On Biometric Suppliers Publishing Accuracy Figures 2


Of late there have been repeated calls on Twitter for biometric suppliers to publicly release statistics pertaining to the performance of their biometric algorithms, specifically False Accept Rates (FAR) and False Reject Rates (FRR).

Whilst not a response to those calls, this post is in part motivated by them.

Those repeatedly calling for the release of these figures know in advance that their calls will not be heeded. As they are already well-versed in the technology, they already understand the reasons why. Yet I believe they persist so they can cite the non-responsiveness of suppliers as “evidence” that the technology does not work.

Let’s examine why suppliers keep this information secret.

1. THEY DON’T

I have been involved in negotiating multiple contracts for deployment of biometric technology, ranging from large government infrastructure programmes, through to enterprise access control solutions. I can emphatically state that in every one of these instances, the customer has been absolutely fully aware of the performance metrics of the technology they are deploying, from accuracy through to HW requirements. In fact, before securing any contract, it is very common for the supplier to have to benchmark their technology on customer supplied data, and often the adherence to pre-defined accuracy SLAs is written into contract, with penalties for non-performance.

2. There is no single correct answer

Anybody versed in biometrics knows that the answer is almost always “It depends”. The accuracy is dependent upon multiple factors, many of which will be under the control of the customer, not just the supplier, such as:

      – Quality of the data being matched against
      – Representative population
        – Environmental conditions

     

          – Performance required
          – Budget

      Again, required levels of accuracy will often be pre-agreed with the client, and it is often down to a matter of how much budget the client has available. Faster and / or more accurate will require more computing power, and the determination is often down to a cost benefit analysis.

      3. It is Competitive Confidential Information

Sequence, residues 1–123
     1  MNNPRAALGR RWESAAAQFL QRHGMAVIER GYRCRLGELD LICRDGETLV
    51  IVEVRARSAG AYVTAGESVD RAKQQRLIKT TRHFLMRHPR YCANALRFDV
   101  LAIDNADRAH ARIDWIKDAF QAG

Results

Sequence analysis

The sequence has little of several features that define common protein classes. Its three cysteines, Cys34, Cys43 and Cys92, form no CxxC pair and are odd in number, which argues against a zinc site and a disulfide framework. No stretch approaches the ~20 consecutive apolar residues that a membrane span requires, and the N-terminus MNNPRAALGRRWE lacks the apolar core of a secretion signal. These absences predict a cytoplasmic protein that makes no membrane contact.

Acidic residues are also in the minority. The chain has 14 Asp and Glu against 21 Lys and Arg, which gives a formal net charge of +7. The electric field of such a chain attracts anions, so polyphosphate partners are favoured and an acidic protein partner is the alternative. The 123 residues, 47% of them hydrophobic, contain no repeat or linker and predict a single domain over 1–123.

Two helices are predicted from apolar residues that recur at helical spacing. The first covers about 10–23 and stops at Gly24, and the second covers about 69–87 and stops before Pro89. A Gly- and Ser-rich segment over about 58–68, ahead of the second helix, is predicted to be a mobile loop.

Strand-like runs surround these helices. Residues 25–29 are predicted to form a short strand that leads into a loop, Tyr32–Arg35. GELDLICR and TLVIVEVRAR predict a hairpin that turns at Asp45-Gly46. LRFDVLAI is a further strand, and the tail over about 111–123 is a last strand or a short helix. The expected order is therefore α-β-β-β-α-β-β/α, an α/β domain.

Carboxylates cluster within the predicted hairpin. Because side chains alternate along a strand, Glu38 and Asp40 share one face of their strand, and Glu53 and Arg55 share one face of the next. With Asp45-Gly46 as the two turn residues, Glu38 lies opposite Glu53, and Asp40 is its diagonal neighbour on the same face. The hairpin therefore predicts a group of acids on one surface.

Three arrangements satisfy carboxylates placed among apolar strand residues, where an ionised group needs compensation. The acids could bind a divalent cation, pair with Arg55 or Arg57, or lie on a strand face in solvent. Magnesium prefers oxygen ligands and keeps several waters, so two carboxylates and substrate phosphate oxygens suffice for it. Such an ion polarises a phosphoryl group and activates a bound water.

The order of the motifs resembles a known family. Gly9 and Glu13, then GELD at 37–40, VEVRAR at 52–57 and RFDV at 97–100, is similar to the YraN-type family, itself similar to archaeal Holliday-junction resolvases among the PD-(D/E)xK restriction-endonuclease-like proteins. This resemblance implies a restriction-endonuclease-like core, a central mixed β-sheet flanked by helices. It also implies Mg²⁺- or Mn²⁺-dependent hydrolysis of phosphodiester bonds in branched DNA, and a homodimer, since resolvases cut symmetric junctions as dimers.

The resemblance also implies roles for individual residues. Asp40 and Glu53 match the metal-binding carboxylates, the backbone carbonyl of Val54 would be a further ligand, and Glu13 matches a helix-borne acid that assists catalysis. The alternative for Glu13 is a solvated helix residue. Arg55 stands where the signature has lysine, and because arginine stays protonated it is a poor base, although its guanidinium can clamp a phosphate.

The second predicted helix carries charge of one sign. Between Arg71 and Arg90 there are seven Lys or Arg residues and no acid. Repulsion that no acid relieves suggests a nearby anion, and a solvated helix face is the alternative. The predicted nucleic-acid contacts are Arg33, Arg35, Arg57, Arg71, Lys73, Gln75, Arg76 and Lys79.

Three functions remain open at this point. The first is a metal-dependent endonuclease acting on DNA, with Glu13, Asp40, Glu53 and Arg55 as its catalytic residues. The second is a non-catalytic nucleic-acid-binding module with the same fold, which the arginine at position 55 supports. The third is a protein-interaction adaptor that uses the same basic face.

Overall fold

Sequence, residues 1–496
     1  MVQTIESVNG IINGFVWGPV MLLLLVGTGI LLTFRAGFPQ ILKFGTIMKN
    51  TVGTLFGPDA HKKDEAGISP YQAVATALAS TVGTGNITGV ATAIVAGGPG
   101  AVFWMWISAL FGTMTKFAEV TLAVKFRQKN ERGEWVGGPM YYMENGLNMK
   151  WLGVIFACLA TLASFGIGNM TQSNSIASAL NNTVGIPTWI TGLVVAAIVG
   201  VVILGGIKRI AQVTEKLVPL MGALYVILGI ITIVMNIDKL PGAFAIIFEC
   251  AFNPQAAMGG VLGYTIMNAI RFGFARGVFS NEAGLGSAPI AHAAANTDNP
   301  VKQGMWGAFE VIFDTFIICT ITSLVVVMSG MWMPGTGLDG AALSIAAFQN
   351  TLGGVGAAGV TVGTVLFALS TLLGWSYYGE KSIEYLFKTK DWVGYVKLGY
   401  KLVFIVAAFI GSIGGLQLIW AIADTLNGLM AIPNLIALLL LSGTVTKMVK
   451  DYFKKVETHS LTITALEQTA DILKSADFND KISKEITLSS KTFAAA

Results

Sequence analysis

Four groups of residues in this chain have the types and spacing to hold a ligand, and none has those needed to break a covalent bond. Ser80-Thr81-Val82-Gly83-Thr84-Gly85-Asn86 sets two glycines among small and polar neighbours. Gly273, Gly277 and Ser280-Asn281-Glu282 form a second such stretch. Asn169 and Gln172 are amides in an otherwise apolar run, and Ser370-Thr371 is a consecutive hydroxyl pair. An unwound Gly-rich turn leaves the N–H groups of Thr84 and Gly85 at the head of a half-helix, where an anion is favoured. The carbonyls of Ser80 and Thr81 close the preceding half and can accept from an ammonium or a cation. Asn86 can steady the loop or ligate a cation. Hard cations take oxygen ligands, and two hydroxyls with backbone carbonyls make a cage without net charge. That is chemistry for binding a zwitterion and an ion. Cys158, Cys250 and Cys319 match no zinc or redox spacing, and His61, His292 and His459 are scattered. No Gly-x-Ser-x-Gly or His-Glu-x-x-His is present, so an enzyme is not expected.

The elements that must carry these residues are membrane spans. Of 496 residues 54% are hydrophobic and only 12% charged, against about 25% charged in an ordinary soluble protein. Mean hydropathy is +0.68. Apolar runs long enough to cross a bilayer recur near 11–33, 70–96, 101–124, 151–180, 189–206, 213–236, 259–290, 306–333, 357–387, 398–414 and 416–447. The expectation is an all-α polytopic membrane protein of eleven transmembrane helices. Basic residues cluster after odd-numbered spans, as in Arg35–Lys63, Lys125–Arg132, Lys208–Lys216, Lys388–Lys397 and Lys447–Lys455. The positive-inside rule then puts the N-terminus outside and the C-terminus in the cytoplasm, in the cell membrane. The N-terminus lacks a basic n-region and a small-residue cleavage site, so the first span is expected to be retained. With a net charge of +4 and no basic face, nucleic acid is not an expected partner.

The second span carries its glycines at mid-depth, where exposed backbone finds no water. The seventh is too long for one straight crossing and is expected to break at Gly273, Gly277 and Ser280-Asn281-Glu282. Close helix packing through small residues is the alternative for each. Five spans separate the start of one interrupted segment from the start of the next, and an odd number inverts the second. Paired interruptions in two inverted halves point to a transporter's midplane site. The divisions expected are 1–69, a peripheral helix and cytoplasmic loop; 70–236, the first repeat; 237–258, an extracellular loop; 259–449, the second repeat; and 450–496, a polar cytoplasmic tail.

Accuracy of biometric technology can pose a strong competitive advantage, and suppliers often don’t want this information to be in the public domain (or more specifically, available to their competitors). Though the release of this information is often required, for example to prospective clients, it will almost always be under a non-disclosure agreement.

      4. There is no Commercial Reason to do so

      Suppliers, like anybody, don’t like having their time wasted. They’ll apply their resources to those who wish to engage with them seriously, and as mentioned above, they will have no problem in releasing the information as required. A car salesman will spend his or her resources on the individual who wants to buy a car, and ignore the tire kickers.

      My Point

      To only ever argue the facts on one side of a debate to follow a predefined agenda generally results in a loss of credibility. The irony is that people who do so often have valid concerns or issues that quite rightly should be aired and considered, but end up falling by the wayside.

      These are my own personal opinions, and not necessarily the opinions of any suppliers I may happen to work with.


      Leave a comment

      Your e-mail address will not be published. Required fields are marked *

      2 thoughts on “On Biometric Suppliers Publishing Accuracy Figures

      • Stephen Wilson

        Serious security is all about transparency. The biometrics industry is conspicuously unusual in this respect. There is no security in obscurity.

        It’s a worry that researchers looking for information are branded as “wasting time”. When you say vendors will “apply their resources to those who wish to engage with them seriously” you mean those who wish to hand over money. Terrific. But most security companies doing cutting edge R&D traditionally engage with the research and consultant communities as well as commercial customers, because transparency, evidence and rigor are important. [The notable exception in biometrics is iris recognition, which has sound theoretical foundations for its entropy and trait stability, and there’s a history of published academic research.]

        So biometrics test results depend on lots of factors? Welcome to the real world. Your anxiety about qualifying test results only shows how poor is the state of standardisation. Vendor specifications (even when they are quoted) are chronically optimistic because they almost always use the Zero Effort Imposter assumption. Biometrics test results are always peculiar to the test environment, and as the FBI says, lab results do not translate to the real world.

        And since when was publishing specifications giving up competitive advantage? Only when a spec is lousy, and then what you have is competitive disadvantage.

      • allevate Post author

        Thanks, Stephen, great rebuttal.

        RE: “Serious security is all about transparency.”, please refer to my point 1 as to why suppliers keep the info secret.